No Handlebars
Playlist by Verse 5 poems
Bikes powered by feet or gasoline ride through these poems. They share some sense of—freedom is too easy a word. Relief, romance, escape?
1. The Amaranth
Matthew Rohrer
2. The Understudy
Bridget Lowe
3. Centrifugal
Douglas S. Jones
4. Two Bikers Embrace on Broad Street
Ross Gay
5. The Mad House
Chika Sagawa
is an imaginary flower that never fades.
The amaranth is blue with black petals,
it’s yellow with red petals,
it’s enormous and grows into the shape
of a girl’s house,
the seeds nestle high in the closet
where she hid a boy.
The boy and his bike flee
the girl’s parents from the tip
of the leaves, green summer light
behind the veins.
The amaranth is an imaginary flower
in the shape of a girl’s house
dispensing gin and tonics
from its thorns, a succulent.
This makes the boy’s bike steer
off-course all summer, following
the girl in her marvelous car,
the drunken bike.
 
He was a small part of summer,
he was summer’s tongue.
High spring. The sounds at their
utmost registers. I am building
a language with my bike. Shame

makes the wheels go, shame
pumps its sick jet fuel.
I am flying over tiny hills with moats

of purple flowers. My fantasy
is evidence. My fantasy is a white skull
gleaming through a bed of mulch.

I let go of the handlebars and beat
my chest with shame’s gorilla fist
until the trees get in my way.

Nancy Drew before me, Nancy Drew
behind me, Nancy Drew on all
sides of me, Lord hear my prayer.
The spider living in the bike seat has finally spun
its own spokes through the wheels.
I have seen it crawl upside down, armored
black and jigging back to the hollow frame,
have felt the stickiness break
as the tire pulls free the stitches of last night’s sewing.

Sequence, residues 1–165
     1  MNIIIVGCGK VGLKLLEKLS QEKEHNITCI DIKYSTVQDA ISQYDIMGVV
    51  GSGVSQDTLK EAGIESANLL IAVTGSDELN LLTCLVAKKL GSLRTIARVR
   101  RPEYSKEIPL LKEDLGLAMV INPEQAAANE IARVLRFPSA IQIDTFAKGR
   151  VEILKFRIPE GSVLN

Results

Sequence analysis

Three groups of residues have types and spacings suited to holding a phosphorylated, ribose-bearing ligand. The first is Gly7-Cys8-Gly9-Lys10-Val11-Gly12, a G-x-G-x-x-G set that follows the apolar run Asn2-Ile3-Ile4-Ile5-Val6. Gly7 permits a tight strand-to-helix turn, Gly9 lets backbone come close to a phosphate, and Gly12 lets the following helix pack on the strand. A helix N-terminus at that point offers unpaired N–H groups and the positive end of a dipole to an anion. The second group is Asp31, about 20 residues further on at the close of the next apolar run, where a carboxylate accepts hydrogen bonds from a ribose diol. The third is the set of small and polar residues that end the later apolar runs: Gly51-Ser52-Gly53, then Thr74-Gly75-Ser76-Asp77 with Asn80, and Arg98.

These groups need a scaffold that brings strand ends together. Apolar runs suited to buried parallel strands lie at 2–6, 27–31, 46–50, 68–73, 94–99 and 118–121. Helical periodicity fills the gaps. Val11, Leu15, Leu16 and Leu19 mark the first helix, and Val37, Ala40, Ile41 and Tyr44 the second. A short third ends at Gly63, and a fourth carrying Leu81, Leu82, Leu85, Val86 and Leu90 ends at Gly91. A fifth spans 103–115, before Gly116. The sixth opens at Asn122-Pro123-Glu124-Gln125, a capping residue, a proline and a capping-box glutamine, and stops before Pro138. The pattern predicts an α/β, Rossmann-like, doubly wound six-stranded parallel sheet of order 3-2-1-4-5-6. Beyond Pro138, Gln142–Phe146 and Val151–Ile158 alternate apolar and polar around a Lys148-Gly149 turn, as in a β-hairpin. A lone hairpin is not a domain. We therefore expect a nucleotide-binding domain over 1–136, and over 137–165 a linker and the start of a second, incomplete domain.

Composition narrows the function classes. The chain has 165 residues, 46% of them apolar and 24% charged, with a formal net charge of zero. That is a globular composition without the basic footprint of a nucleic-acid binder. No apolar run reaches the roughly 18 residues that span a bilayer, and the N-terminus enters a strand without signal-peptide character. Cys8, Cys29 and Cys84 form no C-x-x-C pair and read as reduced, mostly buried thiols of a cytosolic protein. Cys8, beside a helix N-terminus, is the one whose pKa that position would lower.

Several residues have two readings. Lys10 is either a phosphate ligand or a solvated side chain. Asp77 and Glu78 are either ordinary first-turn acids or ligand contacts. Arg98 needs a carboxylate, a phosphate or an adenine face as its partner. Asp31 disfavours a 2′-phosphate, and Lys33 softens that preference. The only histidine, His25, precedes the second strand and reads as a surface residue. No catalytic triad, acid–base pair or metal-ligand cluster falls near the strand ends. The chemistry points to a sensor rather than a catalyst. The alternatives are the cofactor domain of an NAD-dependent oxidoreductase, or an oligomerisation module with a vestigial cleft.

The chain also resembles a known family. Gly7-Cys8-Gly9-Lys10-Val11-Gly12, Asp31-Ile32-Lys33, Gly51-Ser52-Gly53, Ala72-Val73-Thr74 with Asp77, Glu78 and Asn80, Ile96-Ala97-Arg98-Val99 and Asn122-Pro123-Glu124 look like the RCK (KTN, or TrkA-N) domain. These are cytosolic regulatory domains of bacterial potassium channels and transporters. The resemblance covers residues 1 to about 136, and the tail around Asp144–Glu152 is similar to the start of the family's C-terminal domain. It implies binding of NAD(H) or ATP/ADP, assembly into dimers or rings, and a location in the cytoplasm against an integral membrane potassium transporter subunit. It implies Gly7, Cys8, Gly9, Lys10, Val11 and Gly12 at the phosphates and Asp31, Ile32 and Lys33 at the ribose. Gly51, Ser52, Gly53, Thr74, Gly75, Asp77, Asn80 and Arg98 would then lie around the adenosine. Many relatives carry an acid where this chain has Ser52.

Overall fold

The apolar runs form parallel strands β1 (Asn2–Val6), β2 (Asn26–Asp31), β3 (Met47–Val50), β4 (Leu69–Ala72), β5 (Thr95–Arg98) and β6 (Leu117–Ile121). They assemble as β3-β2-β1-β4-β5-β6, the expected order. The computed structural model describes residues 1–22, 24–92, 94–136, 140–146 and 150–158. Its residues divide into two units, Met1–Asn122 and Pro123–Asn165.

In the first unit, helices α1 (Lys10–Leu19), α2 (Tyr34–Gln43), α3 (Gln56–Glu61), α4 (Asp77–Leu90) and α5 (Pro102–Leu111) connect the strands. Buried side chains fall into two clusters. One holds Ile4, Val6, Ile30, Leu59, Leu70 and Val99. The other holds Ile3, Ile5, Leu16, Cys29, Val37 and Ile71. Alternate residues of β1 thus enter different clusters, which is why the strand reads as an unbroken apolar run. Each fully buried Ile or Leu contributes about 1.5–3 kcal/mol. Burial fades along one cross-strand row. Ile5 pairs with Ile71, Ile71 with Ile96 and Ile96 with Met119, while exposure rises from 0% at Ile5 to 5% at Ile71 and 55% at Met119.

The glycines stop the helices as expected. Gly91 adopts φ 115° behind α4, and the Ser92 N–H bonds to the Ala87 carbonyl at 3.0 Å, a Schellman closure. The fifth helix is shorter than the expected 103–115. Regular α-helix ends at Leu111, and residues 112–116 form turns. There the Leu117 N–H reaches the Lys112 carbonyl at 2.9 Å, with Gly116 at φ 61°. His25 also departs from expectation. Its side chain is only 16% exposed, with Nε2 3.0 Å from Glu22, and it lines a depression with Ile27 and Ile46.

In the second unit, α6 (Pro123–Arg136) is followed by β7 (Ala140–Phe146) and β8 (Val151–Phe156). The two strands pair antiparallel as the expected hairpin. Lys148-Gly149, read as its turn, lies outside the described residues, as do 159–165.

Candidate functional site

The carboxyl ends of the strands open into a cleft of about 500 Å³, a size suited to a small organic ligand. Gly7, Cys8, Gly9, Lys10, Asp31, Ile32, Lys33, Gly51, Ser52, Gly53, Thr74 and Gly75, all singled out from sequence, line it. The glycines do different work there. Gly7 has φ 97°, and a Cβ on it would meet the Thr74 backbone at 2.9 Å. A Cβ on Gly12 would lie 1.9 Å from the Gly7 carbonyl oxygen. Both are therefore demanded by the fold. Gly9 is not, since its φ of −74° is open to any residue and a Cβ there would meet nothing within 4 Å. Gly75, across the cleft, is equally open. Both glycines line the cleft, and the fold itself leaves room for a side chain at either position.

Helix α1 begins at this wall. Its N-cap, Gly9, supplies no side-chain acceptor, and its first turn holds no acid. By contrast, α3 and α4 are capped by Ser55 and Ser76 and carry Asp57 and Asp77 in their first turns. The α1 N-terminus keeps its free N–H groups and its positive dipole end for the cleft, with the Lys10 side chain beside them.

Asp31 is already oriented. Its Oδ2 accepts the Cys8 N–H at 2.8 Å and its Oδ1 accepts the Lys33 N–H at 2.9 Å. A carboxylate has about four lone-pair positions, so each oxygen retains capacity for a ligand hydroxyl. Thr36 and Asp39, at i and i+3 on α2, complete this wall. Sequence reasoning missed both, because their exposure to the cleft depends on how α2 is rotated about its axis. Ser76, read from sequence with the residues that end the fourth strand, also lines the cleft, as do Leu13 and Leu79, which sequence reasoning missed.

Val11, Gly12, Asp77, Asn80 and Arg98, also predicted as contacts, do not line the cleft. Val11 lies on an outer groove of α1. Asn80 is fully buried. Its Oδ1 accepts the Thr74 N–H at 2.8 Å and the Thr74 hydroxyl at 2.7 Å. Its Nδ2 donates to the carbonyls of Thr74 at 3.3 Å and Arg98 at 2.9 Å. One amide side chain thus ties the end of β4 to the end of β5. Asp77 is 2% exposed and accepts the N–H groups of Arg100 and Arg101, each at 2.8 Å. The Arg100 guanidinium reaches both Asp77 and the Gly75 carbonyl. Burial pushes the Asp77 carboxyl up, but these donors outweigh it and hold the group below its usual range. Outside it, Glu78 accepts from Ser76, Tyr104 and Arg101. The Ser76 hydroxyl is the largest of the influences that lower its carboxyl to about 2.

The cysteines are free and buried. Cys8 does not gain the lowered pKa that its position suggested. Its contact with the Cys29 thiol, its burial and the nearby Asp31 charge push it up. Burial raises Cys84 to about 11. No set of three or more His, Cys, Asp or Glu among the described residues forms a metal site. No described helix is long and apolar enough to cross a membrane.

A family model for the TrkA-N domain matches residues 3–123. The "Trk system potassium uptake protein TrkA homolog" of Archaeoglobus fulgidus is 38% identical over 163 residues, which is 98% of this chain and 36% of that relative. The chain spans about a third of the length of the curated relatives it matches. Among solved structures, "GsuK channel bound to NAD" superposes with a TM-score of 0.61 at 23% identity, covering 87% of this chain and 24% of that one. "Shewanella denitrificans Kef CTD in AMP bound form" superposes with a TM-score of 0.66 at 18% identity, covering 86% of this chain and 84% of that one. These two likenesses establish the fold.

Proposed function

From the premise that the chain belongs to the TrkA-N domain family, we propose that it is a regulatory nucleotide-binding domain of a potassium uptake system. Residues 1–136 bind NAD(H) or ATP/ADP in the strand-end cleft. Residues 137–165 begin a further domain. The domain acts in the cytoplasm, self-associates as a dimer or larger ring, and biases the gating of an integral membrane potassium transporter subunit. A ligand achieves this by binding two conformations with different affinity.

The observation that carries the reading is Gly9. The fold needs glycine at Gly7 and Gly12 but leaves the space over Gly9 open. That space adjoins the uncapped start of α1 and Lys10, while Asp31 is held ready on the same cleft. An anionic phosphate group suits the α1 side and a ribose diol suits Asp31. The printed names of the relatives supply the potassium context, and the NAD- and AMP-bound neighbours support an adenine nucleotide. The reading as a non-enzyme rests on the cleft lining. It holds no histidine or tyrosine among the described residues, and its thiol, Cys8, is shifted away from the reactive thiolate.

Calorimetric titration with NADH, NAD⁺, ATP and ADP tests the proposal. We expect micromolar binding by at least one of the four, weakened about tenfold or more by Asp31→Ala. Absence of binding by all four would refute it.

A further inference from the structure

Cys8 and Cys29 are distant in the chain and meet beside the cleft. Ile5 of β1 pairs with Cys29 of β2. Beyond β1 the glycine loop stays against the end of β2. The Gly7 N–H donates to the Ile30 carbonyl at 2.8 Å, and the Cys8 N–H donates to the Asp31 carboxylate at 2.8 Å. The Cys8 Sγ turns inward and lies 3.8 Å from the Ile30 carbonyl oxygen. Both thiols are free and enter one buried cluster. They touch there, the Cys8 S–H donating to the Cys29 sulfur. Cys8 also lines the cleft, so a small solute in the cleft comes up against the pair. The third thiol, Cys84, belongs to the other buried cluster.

We’ve ridden this bike together for a week now,
two legs in gyre by daylight, and at night,
the eight converting gears into looms, handle bars
into sails. This is how it is to be part of a cycle—
to be always in motion, and to be always
woven to something else.

Maybe, since you’re something like me,
you, too, would’ve nearly driven into oncoming traffic
for gawking at the clutch between the two men
on Broad Street, in front of the hospital,
which would not stop, each man’s face
so deeply buried in the other’s neck—these men
not, my guess, to be fucked with—squeezing through
that first, porous layer of the body into the heat beneath;
maybe you, too, would’ve nearly driven over three pedestrians as your head
swiveled to lock on their lock,
their burly fingers squeezing the air from the angels
on the backs of their denim jackets
which reminds you the million and one secrets exchanged
in nearly the last clasp between your father
and his brother, during which the hospital’s chatter and rattle
somehow fell silent in deference to the untranslatable
song between them, and just as that clasp endured through
what felt like the gradual lengthening of shadows and the emergence
of once cocooned things, and continues to this day, so, too,
did I float unaware of the 3000 lb machine
in my hands drifting through a stop light while I gawked
at their ceaseless cleave going deeper,
and deeper still, so that Broad Street from Fairmount
to the Parkway reeked of the honey-scented wind
pushed from the hummingbirds now hovering above these two men,
sweetening, somehow, the air until nectar,
yes, nectar gathered at the corners of my mouth like sun-colored spittle,
the steel vehicle now a lost memory
as I joined the fire-breasted birds in listening
to air exchanged between these two men, who are, themselves,
listening, forever, to the muscled contours of the other’s neck, all of us
still, and listening, as if we had nothing
to blow up, as if we had nothing to kill.
Chika Sagawa • trans. Sawako Nakayasu
A bicycle spins.
Along a breezy path in the field.
Only the insides of the rubber wheels exhaust the earth.
He will soon arrive in Baghdad.
It is quite bustling there.
Soldiers of the Red Army, curly-haired artists, pale-skinned
  Ryazan women, the spiral staircase of the cabaret.
The piano makes tinny sounds.
People standing on a mere footprint's worth of dirt are sharpened
  crystals. One wrong step leads to death. The infinite propagation
  of the sun.
At the source of the disease the plants dry up, and the clouds
  tearing through the deteriorated city streets.
Just as the past is nothing for him but an arrangement of trees, it
  is also cold like ash.
The goose feathers at the entrance, the inverted shadow. 

I am alive. I thought, I am alive.